consider the the pandas series s

n = 1000
s = pd.Series([0] * n + [1] * n, dtype=int)

s.memory_usage()

8080

I can "sparsify" this by using to_sparse

s.to_sparse(fill_value=0).memory_usage()

4080

But I only have 2 types of integers. I'd think I could sparsify twice. Is there a way to do this?

  • 1
    I don't know how pd sparse stores its data. I'm guessing from these numbers that it collects the indices of all the 1s. A scipy.sparse matrix would store both the indices and the data (all the 1s). A scipy version has to have a 1% sparsity to see much advantage in memory and calculation speed. – hpaulj Nov 14 '16 at 18:56
  • 2
    what about s.astype(np.uint8).to_sparse()? – MaxU Nov 14 '16 at 18:56
  • @MaxU that definitely drops the memory footprint. But it could drop it even further if it only tracked the positions of the zeros and ones. – piRSquared Nov 14 '16 at 18:59
  • Are you looking for a sparse array/matrix or some form of compression? One that replaces runs of 1s and 0s with a single count? – hpaulj Nov 14 '16 at 20:29
  • 1
    I looked a bit at the pandas sparse docs. It looks like will handle blocked sparsity better than scipy, but it still stores all the non-fill values. – hpaulj Nov 14 '16 at 21:23
up vote 3 down vote accepted

Since you tagged this with scipy, I'll show you what a scipy.sparse matrix is like:

In [31]: n=100
In [32]: arr=np.array([[0]*n+[1]*n],int)
In [33]: M=sparse.csr_matrix(arr)
In [34]: M.data
Out[34]: 
array([1, 1, 1, 1, 1, 1, 1, 1, 1, 1, 1, 1, 1, 1, 1, 1, 1, 1, 1, 1, 1, 1, 1,
       1, 1, 1, 1, 1, 1, 1, 1, 1, 1, 1, 1, 1, 1, 1, 1, 1, 1, 1, 1, 1, 1, 1,
       1, 1, 1, 1, 1, 1, 1, 1, 1, 1, 1, 1, 1, 1, 1, 1, 1, 1, 1, 1, 1, 1, 1,
       1, 1, 1, 1, 1, 1, 1, 1, 1, 1, 1, 1, 1, 1, 1, 1, 1, 1, 1, 1, 1, 1, 1,
       1, 1, 1, 1, 1, 1, 1, 1], dtype=int32)
In [35]: M.indices
Out[35]: 
array([100, 101, 102, 103, 104, 105, 106, 107, 108, 109, 110, 111, 112,
       113, 114, 115, 116, 117, 118, 119, 120, 121, 122, 123, 124, 125,
       126, 127, 128, 129, 130, 131, 132, 133, 134, 135, 136, 137, 138,
       139, 140, 141, 142, 143, 144, 145, 146, 147, 148, 149, 150, 151,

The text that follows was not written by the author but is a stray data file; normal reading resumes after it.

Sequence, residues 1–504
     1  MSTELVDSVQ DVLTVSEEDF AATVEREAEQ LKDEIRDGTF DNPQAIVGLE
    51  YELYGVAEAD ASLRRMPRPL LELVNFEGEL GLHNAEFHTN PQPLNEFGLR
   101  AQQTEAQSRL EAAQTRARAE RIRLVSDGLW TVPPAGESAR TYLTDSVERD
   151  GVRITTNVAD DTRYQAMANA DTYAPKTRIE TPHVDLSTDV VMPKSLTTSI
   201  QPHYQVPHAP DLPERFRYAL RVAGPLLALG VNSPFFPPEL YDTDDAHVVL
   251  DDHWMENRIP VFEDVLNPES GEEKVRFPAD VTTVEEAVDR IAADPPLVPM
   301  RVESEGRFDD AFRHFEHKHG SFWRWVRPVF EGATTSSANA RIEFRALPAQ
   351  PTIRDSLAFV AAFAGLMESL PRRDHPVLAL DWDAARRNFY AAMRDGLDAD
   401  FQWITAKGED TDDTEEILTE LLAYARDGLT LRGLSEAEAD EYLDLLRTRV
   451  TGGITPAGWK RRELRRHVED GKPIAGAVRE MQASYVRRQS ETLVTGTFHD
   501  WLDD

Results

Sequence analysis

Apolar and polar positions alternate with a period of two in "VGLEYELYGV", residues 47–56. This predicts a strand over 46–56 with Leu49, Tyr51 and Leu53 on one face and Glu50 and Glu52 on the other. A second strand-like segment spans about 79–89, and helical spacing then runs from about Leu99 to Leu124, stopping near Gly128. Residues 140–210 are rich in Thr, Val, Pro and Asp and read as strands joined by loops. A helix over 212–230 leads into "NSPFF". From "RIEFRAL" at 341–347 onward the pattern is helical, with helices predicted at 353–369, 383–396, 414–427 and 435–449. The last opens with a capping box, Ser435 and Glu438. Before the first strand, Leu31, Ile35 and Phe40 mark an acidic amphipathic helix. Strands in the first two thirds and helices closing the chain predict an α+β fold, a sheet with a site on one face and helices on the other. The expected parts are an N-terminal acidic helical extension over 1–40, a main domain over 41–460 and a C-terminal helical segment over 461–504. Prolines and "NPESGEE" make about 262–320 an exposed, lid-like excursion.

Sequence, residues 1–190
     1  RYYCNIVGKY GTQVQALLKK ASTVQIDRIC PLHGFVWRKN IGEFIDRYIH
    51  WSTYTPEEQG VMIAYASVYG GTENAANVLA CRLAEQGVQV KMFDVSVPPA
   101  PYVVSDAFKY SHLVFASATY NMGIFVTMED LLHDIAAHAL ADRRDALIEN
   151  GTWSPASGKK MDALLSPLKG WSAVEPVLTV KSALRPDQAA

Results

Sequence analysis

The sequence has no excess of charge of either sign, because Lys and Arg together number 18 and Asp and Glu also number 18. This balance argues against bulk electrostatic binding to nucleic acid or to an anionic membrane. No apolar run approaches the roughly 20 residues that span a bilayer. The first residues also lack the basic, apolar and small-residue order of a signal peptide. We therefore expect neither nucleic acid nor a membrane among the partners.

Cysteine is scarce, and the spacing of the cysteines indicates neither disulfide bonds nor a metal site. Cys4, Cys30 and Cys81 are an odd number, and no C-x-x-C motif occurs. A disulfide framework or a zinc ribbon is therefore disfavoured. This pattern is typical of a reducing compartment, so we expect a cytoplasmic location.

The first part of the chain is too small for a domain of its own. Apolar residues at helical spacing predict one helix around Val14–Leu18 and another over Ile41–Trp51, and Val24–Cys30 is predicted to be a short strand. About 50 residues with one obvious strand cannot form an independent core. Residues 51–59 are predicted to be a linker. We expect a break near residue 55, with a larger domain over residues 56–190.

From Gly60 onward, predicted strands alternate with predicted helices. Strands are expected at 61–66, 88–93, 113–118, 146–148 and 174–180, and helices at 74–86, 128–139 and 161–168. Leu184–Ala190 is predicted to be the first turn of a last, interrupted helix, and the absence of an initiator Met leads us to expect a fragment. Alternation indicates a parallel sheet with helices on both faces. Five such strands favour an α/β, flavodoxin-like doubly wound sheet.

152, 153, 154, 155, 156, 157, 158, 159, 160, 161, 162, 163, 164,
       165, 166, 167, 168, 169, 170, 171, 172, 173, 174, 175, 176, 177,
       178, 179, 180, 181, 182, 183, 184, 185, 186, 187, 188, 189, 190,
       191, 192, 193, 194, 195, 196, 197, 198, 199], dtype=int32)
In [36]: M.indptr
Out[36]: array([  0, 100], dtype=int32)

It has replaced the n elements of arr with 2 arrays each with n/2 elements. Even if I replace the int with uint8, the M.indices array will still be int32.

The fact that your pandas version has half the memory usage,suggests that it is just storing the indices, and some how noting that the data part is all 1s. But that's just a guess.

How much greater sparification do you expect?

====================

http://pandas.pydata.org/pandas-docs/stable/sparse.html

This example looks like pandas is implementing some sort of 'run' compression:

In [4]: sts
Out[4]: 
0    0.469112
1   -0.282863
2         NaN
3         NaN
4         NaN
5         NaN
6         NaN
7         NaN
8   -0.861849
9   -2.104569
dtype: float64
BlockIndex
Block locations: array([0, 8], dtype=int32)
Block lengths: array([2, 2], dtype=int32)

It has identified 2 blocks, of length 2 each. It still has to store the 4 nonfill values in some array.

A csr sparse equivalent (for a row array):

In [1052]: arr=np.random.rand(10)
In [1053]: arr[2:-2]=0
In [1055]: M=sparse.csr_matrix(arr)
In [1056]: M
Out[1056]: 
<1x10 sparse matrix of type '<class 'numpy.float64'>'
    with 4 stored elements in Compressed Sparse Row format>
In [1057]: M.data
Out[1057]: array([ 0.37875012,  0.73703368,  0.7935645 ,  0.22948213])
In [1058]: M.indices
Out[1058]: array([0, 1, 8, 9], dtype=int32)
In [1059]: M.indptr
Out[1059]: array([0, 4], dtype=int32)

The pandas version might be more compact if the fill values occur in blocks. But I suspect